17-day-old infant among latest Covid cases in Kenya

A 17-day-old infant is among Kenya’s latest Covid cases.

This comes as the report from the Health ministry on the state of Covid-19 in Kenya stated that more men are taking the vaccine, compared to women.

The statement noted that as of yesterday, 213,971 men (57 per cent) had been vaccinated, against 164,392 women (43 per cent).

Kenyans who have been vaccinated against Covid-19 have reported mild to moderate side effects, four weeks into the countrywide vaccination exercise.

The side effects range from pain at the injection site, hunger, headache, fever and mild aches, but medics are warning people against trying any treatment as it might reduce the jab’s efficacy.

Kenyans have reported using anti-inflammatory drugs and antihistamine to cope with the side effects.

However, Dr Geoffrey Kulabusia, an immunologist and lecturer at Egerton University, advises that the vaccinated brave the side effects unless they become severe.

“The vaccine is meant to elicit some response from the body. This may range from low grade fever, slight headache, general body malaise and reddening at the site of injection. It is only under severe reaction when one can seek medical attention,” Dr Kulabusia.

Some 1,698 positive cases have been reported in Kenya today, pushing the national caseload to 143,063.

The positive cases were from a sample size of 11,352, posting a positivity rate of 14.9 per cent.

Today’s 16 deaths now push the country’s total fatalities to 2,292.

Some 1,591 Kenyans and 107 foreigners are among those who tested positive for the virus, which also translated to 926 men and 772 women.

The oldest patient to test positive for Covid-19 in Kenya in the last 24 hours was aged 100.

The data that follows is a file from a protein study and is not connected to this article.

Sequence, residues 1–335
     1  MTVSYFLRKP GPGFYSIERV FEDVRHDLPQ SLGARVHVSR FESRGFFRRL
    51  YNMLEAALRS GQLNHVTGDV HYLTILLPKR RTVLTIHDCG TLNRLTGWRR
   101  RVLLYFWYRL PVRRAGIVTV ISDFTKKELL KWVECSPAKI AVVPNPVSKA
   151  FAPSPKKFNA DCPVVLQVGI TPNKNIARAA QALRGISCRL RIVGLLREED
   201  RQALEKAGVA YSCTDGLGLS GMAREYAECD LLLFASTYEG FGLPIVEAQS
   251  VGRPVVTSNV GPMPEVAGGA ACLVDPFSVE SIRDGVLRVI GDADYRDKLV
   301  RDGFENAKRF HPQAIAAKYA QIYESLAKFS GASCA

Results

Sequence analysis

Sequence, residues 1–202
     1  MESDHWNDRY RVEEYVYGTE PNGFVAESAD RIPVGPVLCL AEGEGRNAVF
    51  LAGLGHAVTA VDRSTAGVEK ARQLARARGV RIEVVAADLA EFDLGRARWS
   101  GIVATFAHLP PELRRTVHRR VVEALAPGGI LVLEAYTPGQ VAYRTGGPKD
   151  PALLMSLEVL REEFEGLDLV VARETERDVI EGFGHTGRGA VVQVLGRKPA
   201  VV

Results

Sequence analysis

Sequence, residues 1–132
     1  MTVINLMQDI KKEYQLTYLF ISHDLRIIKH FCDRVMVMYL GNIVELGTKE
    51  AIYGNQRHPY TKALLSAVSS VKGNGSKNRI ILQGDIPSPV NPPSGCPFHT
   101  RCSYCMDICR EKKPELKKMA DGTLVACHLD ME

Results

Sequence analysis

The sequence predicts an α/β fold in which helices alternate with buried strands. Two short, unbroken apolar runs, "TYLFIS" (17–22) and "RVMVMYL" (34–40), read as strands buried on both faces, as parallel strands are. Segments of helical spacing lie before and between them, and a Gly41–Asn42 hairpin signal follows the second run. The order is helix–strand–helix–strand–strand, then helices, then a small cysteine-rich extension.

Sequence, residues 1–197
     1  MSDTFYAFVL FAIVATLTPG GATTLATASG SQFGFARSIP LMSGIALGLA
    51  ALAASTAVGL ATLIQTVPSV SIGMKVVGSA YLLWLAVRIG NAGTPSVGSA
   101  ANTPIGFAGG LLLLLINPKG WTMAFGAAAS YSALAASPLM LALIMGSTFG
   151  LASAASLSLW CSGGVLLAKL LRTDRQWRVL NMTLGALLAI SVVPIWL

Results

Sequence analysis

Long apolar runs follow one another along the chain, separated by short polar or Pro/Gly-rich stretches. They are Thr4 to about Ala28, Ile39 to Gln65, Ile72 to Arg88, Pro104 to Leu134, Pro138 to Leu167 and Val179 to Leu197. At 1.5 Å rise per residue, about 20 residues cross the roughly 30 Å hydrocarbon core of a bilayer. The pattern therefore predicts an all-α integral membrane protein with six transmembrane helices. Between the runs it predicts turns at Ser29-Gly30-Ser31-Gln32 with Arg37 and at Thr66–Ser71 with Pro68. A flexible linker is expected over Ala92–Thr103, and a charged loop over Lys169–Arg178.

A statement from the Health ministry on Thursday signed by CS Mutahi Kagwe said the cumulative tests now stand at 1,542,088.

The country’s total recoveries went up by 456, now tallying at 97,650.

Meanwhile, the National Emergency Response Committee on Covid-19 (NERC), the team tasked with handling Kenya’s Covid-19 preparedness, has said it chose to put on hold the private sector importation, distribution, and administration of the said vaccine in the interest of public health safety.

The Health Ministry admitted that the Pharmacy and Poisons Board (PPB) had given Emergency Use Approval for the Sputnik V vaccine in Kenya through a private pharmacy.

“Sputnik vaccine went through the necessary process at the PPB to ensure safety, quality and efficacy. The emergency authorisation was based on conditions,” MoH said on Thursday.

The Mutahi-Kagwe led ministry however maintains that persons who had received the Sputnik jab will get their second doses as scheduled.

The CS also said that no private entity will be involved in acquiring the Johnson and Johnson vaccine and only the government is allowed to procure the jab.

Kenya hopes to have vaccinated over 400,000 people by the end of this week and have all vaccinated persons get their second doses starting May 5.

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